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Epigenetically repressing human Cytomegalovirus lytic infection and reactivation from latency in THP-1 model by targeting H3K9 and H3K27 histone demethylases

Gan, Xin and Wang, Haifeng and Yu, Yanyan and Yi, Wei and Zhu, Shanshan and Gu, Baohua and Lu, Chris and Li, En and Liang, Yu (2017) Epigenetically repressing human Cytomegalovirus lytic infection and reactivation from latency in THP-1 model by targeting H3K9 and H3K27 histone demethylases. PLoS ONE, 12 (4). ISSN 1932-6203

Abstract

Human Cytomegalovirus (hCMV) infects a broad range of the population and establishes life-long latency in the infected individuals. Periodically the latently infected virus can reactivate and becomes a significant cause of morbidity and mortality in immunocompromised individuals. In latent infection, the viral genome is suppressed in a heterochromatic state and viral gene transcription is silenced. Upon reactivation, the repressive chromatin is remodeled to an active form, allowing viral lytic gene transcription, initiated by the expression of viral Immediate Early (IE) genes. During this process, a number of histone modification enzymes, including histone demethylases (HDMs), play important roles in driving IE expression, but the mechanisms involved are not fully understood. To get a better understanding of these mechanisms, we focused on two HDMs, KDM4 and KDM6, which reverse the repressive histone H3-lysine 9 and lysine 27 methylation, respectively. Our studies show that in lytic infection, both demethylases are important in the activation of viral IE gene expression. Simultaneous disruption of both via genetic or chemical methods leads to severely impaired viral IE gene expression and viral replication. Additionally, in an experimental latency-reactivation model in THP-1 cells, the KDM6 family member JMJD3 is induced upon viral reactivation and its knockdown resulted in reduced IE gene transcription. These findings suggest pharmacological inhibition of these HDMs may potentially block hCMV lytic infection and reactivation, and control the viral infection associated diseases, which are of significant unmet medical needs.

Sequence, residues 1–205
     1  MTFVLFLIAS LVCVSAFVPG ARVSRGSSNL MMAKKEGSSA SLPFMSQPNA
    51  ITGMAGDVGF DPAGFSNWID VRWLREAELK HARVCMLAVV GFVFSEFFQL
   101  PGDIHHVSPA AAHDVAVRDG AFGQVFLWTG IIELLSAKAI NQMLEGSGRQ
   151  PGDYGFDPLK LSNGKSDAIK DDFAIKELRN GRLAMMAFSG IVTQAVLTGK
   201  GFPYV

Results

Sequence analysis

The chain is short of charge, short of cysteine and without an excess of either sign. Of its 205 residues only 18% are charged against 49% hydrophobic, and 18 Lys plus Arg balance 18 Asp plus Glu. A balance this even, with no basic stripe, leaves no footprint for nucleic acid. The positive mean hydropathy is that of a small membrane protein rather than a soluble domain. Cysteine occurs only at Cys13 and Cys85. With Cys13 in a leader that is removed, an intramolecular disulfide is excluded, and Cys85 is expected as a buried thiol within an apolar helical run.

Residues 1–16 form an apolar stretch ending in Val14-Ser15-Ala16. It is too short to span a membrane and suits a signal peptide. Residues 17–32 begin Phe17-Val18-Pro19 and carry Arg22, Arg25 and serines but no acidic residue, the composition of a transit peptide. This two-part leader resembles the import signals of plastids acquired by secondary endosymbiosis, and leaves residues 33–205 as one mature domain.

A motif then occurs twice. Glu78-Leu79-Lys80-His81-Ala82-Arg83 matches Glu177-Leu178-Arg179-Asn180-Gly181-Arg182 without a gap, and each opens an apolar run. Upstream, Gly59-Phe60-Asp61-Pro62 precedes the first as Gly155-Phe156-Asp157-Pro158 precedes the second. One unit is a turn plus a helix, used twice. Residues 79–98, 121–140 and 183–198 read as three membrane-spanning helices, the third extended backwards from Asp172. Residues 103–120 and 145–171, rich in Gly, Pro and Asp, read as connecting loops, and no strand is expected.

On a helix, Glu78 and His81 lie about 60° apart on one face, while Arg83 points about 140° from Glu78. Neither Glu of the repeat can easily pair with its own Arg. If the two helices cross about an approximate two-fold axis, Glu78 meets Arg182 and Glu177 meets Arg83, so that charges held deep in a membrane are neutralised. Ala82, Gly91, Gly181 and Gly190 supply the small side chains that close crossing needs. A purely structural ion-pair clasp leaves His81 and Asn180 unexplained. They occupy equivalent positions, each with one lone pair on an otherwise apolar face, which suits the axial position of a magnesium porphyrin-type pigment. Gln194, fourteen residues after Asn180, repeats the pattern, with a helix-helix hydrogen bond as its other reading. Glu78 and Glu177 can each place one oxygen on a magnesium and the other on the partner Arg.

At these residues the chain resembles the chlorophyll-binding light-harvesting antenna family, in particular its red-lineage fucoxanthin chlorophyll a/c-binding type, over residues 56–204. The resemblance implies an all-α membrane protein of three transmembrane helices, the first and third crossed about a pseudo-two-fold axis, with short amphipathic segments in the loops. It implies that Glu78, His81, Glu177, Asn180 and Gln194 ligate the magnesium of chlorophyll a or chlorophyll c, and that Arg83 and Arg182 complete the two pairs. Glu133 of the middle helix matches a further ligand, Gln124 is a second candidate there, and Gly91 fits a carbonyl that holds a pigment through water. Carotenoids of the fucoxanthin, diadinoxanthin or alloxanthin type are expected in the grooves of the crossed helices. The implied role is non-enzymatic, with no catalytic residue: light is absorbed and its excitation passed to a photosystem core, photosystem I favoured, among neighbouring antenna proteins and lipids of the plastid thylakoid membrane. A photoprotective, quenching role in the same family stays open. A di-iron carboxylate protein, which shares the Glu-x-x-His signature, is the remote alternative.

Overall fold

Item Type: Article
Date Deposited: 25 Nov 2017 00:45
Last Modified: 25 Jan 2019 00:45
URI: https://oak.novartis.com/id/eprint/28077

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